Act II: Beatriz Stix-Brunell, ’25, on leaps of faith and life beyond the stage
After 11 years with the Royal Ballet, first soloist Beatriz Stix-Brunell retired from dancing and enrolled at Stanford – the oldest member of her freshman class. “I wanted to see who else I was.”
Beatriz Stix-Brunell, a Miami-born New Yorker, was only 17 when she moved across the Atlantic to join the Royal Ballet in London. The baby of the company at the time – she finished high school via Skype during her first year in the corps – she’d spend the next decade climbing the ranks, to first soloist, notching dream roles in iconic productions along the way: Christopher Wheeldon’s After the Rain; George Balanchine’s Jewels; Kenneth MacMillan’s Romeo and Juliet.
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That early career start meant that by 28, Stix-Brunell was ready for a leap. After applying to Stanford and receiving her acceptance letter during the height of the pandemic, she took her final bows on the Royal Opera House stage. Two months later, in September 2021, she found herself in line for a bike rental at Tresidder Memorial Union.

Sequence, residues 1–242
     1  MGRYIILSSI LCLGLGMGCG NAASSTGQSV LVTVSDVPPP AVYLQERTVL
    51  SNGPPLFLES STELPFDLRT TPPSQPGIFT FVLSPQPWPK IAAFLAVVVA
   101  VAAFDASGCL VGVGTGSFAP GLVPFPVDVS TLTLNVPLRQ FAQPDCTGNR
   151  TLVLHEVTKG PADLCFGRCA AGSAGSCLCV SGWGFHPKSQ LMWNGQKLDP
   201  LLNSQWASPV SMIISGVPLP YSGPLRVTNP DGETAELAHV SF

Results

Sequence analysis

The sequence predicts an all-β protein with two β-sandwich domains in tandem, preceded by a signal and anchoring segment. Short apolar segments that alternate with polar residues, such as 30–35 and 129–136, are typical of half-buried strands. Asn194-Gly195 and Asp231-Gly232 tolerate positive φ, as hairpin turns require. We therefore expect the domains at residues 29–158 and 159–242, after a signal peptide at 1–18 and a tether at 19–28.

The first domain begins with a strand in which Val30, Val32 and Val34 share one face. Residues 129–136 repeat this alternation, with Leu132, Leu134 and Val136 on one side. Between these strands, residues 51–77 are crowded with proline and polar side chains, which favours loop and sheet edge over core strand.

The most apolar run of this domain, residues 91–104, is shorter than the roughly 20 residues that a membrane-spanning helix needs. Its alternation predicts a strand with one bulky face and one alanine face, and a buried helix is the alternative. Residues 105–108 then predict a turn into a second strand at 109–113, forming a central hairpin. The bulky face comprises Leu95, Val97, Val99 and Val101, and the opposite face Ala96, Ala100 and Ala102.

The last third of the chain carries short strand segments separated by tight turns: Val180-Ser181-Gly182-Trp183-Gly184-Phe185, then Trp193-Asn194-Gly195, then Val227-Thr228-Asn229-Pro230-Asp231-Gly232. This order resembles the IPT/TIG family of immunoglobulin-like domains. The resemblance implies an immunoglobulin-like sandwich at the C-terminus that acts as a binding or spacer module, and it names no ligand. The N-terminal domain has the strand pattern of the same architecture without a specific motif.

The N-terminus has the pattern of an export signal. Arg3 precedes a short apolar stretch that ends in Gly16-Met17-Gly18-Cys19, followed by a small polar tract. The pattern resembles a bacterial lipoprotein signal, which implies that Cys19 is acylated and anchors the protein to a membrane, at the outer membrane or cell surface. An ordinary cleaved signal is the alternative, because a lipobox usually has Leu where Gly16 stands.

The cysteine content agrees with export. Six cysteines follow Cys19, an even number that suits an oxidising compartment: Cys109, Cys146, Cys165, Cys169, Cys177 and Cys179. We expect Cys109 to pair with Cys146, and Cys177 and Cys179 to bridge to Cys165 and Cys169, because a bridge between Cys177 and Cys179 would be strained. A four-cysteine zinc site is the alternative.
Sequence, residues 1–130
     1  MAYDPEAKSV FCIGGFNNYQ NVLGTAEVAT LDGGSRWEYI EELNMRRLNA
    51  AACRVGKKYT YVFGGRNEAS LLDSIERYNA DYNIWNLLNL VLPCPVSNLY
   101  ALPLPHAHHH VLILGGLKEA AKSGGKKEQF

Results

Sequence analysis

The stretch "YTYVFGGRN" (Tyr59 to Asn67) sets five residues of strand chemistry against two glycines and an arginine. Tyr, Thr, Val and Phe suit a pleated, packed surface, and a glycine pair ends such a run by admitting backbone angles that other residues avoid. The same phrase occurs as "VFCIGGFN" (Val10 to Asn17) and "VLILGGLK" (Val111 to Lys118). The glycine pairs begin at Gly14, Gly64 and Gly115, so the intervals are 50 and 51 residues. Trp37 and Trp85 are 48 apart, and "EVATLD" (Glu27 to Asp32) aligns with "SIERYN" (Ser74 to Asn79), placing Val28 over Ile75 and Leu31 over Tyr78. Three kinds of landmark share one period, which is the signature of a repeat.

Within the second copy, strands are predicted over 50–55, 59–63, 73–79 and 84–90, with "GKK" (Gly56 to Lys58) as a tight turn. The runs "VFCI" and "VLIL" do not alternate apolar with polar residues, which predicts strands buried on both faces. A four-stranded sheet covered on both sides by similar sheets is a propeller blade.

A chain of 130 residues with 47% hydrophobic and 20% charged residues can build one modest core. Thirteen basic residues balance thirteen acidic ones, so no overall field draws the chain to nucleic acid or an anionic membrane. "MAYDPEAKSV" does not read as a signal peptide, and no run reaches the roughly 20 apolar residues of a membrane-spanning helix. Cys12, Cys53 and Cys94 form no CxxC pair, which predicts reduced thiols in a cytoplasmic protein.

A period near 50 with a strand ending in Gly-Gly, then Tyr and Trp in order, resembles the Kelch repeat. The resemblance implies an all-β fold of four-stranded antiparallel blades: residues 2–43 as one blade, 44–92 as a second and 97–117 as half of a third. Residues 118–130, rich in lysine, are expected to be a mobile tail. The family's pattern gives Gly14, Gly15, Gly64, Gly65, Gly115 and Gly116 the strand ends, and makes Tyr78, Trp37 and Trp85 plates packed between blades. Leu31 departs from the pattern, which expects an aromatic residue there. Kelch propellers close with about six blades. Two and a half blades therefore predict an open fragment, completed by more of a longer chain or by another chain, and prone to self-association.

What’s life like when you’re new again to academics, and the oldest member of your college class? Stix-Brunell says age just hasn’t been a thing, and balance is easy to find on the Farm; she’s exploring the opportunities on campus like a “kid in a candy shop.”
“What I did, leaving a career I loved and starting college at 28, was a jump, a scary jump,” Stix-Brunell says. “But I think sometimes the best things that happen to us are the leaps we take without knowing what’s going to happen next, without knowing where we’ll land.”
“For me, to be able to establish this new Beatriz, on this campus, is a dream come true.”
The following are excerpts from a recent conversation, edited and condensed for clarity.
I was born in Miami, and my family moved to New York when I was very young. I have an older brother and nine male cousins. We spent a lot of summers in Florida just running wild. And since I was the only girl, I did everything that the boys did. I grew up a bit of a tomboy.
I was at the Nightingale-Bamford School, an independent girls school from kindergarten through 12th grade, even though I was already living abroad my senior year. Nightingale let me finish my senior year on Skype.
Ballet, and deciding to retire